Three things I learned about the history of Silicon Valley at the CNSV Dinner
Posted Friday, Jun 12, 2015 by Jonathan Wells
Last night I attended CNSV’s Annual Dinner. Besides the great food and excellent company, I especially enjoyed the presentation on “The Fairchild Patent Notebooks.” Our speaker, David Laws from the Computer History Museum, shared his enthusiasm and insight from studying the 200,000 handwritten pages documenting Fairchild’s engineers’ ideas and day-to-day accounts of their work. The collection of documents has been described as the “Founding Documents of Silicon Valley.”
Here are three things I learnt:
- Fairchild invented much more than the integrated circuit. David explained how Fairchild engineers were prolific inventors, and also essentially invented the planar process, TTL logic and CMOS process.
- Behavior in The Valley back in the ‘50s and ‘60s somewhat mirrored the business environment of today. For example, Fairchild was founded by the “Traitorous Eight,” who after nurturing and growing Fairchild and turning into the Google of the day, all left for new fields or to form their own startups.
- Engineers kept great notebooks. David explained this was a roll-over from the Bell Labs way of record keeping. It was fascinating to see detailed day-by-day narratives of ideas generated and work performed.
I’d be interested in what others thought and learned?
Your third insight got me to thinking:
You wonder if 25 or 50 years from now someone will do a Fairchild video series leveraging all of the contemporaneous documentation in the same way that Burns did the Civil War using letters home and old photos. It seems like so little of the media actually gets the reality of engineering right.
Steve Leibson also blogged about the dinner and had this observation: The ideas and innovations in these notebooks, in conjunction with the patents developed from this work, constitute the archaeological history of the semiconductor industry.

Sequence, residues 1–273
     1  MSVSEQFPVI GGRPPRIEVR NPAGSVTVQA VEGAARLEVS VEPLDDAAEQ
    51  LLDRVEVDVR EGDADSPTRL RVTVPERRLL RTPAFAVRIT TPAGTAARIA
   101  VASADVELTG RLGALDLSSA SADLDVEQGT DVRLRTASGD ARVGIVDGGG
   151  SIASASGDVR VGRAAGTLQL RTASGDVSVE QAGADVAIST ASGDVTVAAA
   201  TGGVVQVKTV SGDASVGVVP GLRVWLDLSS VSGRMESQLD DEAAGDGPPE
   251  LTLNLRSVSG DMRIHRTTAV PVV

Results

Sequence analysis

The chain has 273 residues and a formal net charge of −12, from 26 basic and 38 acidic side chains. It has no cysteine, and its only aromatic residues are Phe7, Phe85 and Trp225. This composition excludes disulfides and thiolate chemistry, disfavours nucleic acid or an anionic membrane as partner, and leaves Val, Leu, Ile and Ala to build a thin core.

I learned that it took a critical mass of brilliant people all contributing important pieces to the overall project to make these key breakthroughs. The founders of Fairchild Semiconductor came from Shockley Semiconductor. Some of the most critical notes and concepts were written down in their Fairchild notebooks within weeks of starting the new company (hey, it does take some time to get labs and equipment going and the furniture arranged!!). These breakthroughs could not be made at Shockley Semiconductor basically because Shockley was brilliant but arrogant and a poor manager. Once these same key people had some freedom to innovate and pursue their ideas, amazing things began to happen quickly. The case of Fairchild Semiconductor vs. Shockley Semiconductor is another very clear example of how bad leadership can kill a company and great leadership can enable great things!
I learned that several Gordon Moore notebooks were missing, especially the era when Gordon proposed Moore’s Law.
When I was consulting at National, I was involved in directing the notebooks towards the Computer History Museum. However, it took the TI takeover to get it done. National’s President before the TI takeover thought the notebooks had IP value. We could not convince him it did not.
As IEEE Milestone chair, I am doing two milestones of interest:
David Laws is helping on both.
These 2 milestones are targeted to be unveiled at the new San Antonio Village. Because the Village, where Shockley Labs was located, is under construction, the unveiling ceremoney is about 2 years away. A memorial with 3 tall pieces of artwork is planned. These tall pieces will represent the silicon transistor (Fairchild) and the 4-layer silicon diode (Shockley’s “marketing disaster”)
The unveiling ceremny is open to all. We may talk Gordon Moore into coming.